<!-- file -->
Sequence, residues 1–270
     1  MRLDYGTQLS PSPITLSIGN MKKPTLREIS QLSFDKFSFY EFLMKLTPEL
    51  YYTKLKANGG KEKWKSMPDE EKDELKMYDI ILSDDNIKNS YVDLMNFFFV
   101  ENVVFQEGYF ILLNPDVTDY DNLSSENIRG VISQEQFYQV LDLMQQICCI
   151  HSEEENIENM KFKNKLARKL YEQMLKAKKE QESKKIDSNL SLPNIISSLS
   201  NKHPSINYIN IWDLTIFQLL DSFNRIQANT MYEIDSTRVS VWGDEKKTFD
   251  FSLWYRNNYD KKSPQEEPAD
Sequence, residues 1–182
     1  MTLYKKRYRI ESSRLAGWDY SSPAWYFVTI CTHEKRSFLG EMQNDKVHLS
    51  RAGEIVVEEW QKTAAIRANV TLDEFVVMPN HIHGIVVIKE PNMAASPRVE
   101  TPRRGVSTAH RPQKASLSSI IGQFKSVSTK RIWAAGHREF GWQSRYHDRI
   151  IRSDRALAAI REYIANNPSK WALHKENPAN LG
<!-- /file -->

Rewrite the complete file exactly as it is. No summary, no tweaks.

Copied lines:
Sequence, residues 1–270
     1  MRLDYGTQLS PSPITLSIGN MKKPTLREIS QLSFDKFSFY EFLMKLTPEL
    51  YYTKLKANGG KEKWKSMPDE EKDELKMYDI ILSDDNIKNS YVDLMNFFFV
   101  ENVVFQEGYF ILLNPDVTDY DNLSSENIRG VISQEQFYQV LDLMQQICCI
   151  HSEEENIENM KFKNKLARKL YEQMLKAKKE QESKKIDSNL SLPNIISSLS
   201  NKHPSINYIN IWDLTIFQLL DSFNRIQANT MYEIDSTRVS VWGDEKKTFD
   251  FSLWYRNNYD KKSPQEEPAD
Sequence, residues 1–182
     1  MTLYKKRYRI ESSRLAGWDY SSPAWYFVTI CTHEKRSFLG EMQNDKVHLS
    51  RAGEIVVEEW QKTAAIRANV TLDEFVVMPN HIHGIVVIKE PNMAASPRVE
   101  TPRRGVSTAH RPQKASLSSI IGQFKSVSTK RIWAAGHREF GWQSRYHDRI
   151  IRSDRALAAI REYIANNPSK WALHKENPAN LG